A couple months ago, our CTO, David Evans, was perusing Twitter and happened to see a tweet from YouTube celebrity and SciShow host, Hank Green, about wanting to collaborate with someone on a speech-to-text Watson API project. And, as Evans does, he launched into some thinking around what we could do to make it work. It started out with a team of two and expanded from there.
Now a couple months later, we’ve come a long way and have something usable and available to everyone. For more information, check out the thoughts we gleaned from our team below.
What is it?
First and foremost, Levar is not a product. There tends to be an assumption in technology that in order to work on a thing, you need to either want to sell it or have it do something funny.
This is, instead, a step towards a practical implementation of the question, “How can I make editing videos a little easier?” We chose to express this implementation by creating a tool that makes videos visually beautiful while enhancing user-experience and viewer functionality.
When we first began the project, we wanted to assess what kinds of features were available from various speech-to-text frameworks and compare what kind of utility could be born of using one or the other. We looked primarily to the IBM’s Watson API and Google Voice API, and found that Watson had a slight advantage to Google in that it provided timestamps to match a user’s spoken words. This meant we could match the audio with text at exactly the same time it was being spoken.
What we created is a way to use the Watson API visually to make videos with text on them based on what you say.
Levar was created for anyone interested in customizing their tutorials or directional videos, but it could easily become a valuable tool for educators, managers, or bloggers.
How does it work?
The input is a regular old video file. The output is a super sweet new video, where the transcript is overlaid on the visual then highlighted as the words are spoken.
After uploading a video, the user chooses a background—either a solid color, an image, or the original video. Then the user can choose the spoken and unspoken text color, as well as select from a few different fonts. This provides the ultimate personalization suite for the user’s media.
While the user is customizing the text and video background, the backend is hard at work. It was built with Express, using the Watson API for speech recognition and FFmpeg for video manipulation. This listens to the words in the video and creates a transcript of what was heard. Of course, nothing can be perfect, so a feature was built-in for the user to review and edit any of the words that may have been transcribed incorrectly.
By using the Watson API, we were able to integrate artificial intelligence into the program. The program learned, using the Watson API, to return timestamps for each word, meaning we can auto-align the highlight as words are spoken.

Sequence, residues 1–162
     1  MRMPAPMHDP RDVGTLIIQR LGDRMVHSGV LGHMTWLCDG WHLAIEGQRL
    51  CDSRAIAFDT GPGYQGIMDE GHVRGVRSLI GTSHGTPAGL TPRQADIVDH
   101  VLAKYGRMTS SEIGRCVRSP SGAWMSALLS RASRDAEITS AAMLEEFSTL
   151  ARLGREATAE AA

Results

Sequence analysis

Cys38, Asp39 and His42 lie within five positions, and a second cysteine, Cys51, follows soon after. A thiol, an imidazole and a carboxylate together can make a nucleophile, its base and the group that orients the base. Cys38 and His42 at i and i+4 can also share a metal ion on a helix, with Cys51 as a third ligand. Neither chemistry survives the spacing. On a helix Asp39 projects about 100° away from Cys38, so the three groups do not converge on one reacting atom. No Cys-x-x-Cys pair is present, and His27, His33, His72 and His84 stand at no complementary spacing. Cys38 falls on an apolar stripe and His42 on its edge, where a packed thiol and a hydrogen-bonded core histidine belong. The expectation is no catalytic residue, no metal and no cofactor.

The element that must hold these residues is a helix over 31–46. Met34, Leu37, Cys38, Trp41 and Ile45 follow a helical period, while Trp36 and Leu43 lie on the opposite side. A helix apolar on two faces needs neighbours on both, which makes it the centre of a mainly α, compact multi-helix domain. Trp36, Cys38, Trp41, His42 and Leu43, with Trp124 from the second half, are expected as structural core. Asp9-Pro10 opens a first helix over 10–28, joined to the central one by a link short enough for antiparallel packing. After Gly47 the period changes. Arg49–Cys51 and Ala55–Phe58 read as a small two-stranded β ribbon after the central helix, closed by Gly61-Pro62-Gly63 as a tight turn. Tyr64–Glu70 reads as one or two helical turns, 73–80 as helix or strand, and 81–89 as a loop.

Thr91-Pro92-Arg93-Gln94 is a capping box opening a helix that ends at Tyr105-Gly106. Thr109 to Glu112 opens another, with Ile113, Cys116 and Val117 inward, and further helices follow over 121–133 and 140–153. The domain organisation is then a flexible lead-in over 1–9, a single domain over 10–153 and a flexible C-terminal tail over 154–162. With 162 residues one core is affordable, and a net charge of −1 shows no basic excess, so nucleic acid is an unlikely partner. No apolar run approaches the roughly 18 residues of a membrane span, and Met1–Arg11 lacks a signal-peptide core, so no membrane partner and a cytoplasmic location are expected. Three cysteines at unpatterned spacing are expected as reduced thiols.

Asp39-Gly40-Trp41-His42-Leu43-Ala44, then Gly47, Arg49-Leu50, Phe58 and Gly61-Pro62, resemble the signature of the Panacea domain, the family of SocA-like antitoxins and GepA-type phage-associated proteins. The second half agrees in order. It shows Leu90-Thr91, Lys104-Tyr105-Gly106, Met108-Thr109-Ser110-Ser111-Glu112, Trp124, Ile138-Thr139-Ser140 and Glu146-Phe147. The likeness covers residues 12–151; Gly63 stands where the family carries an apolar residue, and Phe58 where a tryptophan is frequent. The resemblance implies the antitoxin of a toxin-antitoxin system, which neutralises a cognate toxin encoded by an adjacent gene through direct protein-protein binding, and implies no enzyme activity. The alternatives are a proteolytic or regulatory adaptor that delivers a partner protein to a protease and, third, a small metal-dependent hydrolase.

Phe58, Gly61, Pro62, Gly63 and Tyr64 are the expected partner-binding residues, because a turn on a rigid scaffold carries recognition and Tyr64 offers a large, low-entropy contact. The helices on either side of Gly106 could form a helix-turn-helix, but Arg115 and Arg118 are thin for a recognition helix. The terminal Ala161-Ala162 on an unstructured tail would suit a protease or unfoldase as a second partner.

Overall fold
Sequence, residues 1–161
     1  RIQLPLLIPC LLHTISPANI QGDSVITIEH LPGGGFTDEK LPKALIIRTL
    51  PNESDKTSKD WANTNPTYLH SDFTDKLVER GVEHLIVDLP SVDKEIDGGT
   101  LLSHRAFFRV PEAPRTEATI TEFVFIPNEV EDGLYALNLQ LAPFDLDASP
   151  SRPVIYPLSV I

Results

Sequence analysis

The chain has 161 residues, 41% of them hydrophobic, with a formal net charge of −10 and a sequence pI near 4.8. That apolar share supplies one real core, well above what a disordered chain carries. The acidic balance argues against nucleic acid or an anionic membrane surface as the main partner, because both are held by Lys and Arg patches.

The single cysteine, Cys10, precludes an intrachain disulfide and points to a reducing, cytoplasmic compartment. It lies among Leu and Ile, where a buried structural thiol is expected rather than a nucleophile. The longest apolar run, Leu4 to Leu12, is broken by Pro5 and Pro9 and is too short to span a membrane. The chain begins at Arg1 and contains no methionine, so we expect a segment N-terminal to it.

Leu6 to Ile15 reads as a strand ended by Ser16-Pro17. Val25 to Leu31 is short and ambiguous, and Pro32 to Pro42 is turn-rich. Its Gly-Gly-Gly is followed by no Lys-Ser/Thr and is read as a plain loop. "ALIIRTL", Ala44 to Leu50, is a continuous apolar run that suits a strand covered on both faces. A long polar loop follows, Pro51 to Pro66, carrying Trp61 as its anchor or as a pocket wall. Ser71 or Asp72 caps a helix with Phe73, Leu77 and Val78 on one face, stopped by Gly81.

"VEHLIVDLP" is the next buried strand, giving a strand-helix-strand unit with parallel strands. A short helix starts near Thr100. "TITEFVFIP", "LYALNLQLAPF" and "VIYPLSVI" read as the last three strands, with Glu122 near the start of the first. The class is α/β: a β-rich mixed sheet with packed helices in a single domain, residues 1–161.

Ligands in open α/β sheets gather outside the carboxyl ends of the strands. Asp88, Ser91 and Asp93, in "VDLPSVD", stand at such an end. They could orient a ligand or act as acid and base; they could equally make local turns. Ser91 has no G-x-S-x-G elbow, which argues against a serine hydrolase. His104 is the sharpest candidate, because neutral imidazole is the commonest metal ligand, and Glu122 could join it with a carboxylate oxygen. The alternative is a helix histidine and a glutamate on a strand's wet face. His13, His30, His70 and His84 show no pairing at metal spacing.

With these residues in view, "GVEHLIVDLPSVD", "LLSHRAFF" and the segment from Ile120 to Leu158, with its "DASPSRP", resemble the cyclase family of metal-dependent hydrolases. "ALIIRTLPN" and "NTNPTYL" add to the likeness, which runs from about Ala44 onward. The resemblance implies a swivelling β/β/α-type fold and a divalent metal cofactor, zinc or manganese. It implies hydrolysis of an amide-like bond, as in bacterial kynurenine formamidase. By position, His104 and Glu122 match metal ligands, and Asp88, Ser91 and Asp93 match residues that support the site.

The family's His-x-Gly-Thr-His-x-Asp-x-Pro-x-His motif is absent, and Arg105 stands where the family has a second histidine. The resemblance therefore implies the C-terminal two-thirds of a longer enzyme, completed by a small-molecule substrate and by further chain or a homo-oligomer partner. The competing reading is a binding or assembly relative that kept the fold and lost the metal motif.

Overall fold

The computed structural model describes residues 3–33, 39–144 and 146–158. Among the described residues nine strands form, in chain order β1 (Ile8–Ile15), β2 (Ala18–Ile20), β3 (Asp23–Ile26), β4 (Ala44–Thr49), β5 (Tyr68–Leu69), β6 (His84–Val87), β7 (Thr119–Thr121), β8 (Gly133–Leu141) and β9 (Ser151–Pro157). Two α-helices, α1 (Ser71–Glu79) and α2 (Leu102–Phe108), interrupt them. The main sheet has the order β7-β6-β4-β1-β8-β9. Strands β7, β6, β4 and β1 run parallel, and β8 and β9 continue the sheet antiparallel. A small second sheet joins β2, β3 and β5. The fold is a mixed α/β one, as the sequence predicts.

The frontend was made with React, which does a lovely job of routing and maintaining state.
After the video is processed and personalized, the user is able to download the customized video and share it to any of their social platforms.
What was the thinking behind the design?
Because Levar is fairly simple, we wanted the experience to be fairly simple as well without so many steps to customize it. So for things like color, we paired and highlighted the options with text colors to make it easier for the user. The idea being that they don’t need to think too deeply about it.
This also affected our iterations on Levar. In the beginning we had a lot more steps than we did in the final version, but that didn’t really align with the intention of the experience, so we made tweaks over time that went back to that overall vision.
How did this project come to be?
It all started with a Twitter conversation between Evans and Hank Green.
Hank wanted to work with “smart people on software that builds video using the Web Speech API.” We knew we had to step up.
After a couple of tweets and a series of DMs, the project was underway. Developers pieced together a simple proof-of-concept for a program that could take in a video, send it to the Watson API, then produce a captioned video.
Our development team then came together to flesh out the video-building functionality and developed a web app to host the service.
The next steps were to provide the user with fun customization options and to develop a friendly interface. It was at this phase when the team began to expand to other departments; allowing this project to draw from the expertise of our colleagues to develop, design, and manage the Levar.”
Where is the project now?
Many unfamiliar technologies were used to make Levar happen, and our team heavily depended on the open-source community to help us push forward with React, Express and FFmpeg, so you could say, we have some technical debt to pay off. Which is why we chose to make it an open sourced project.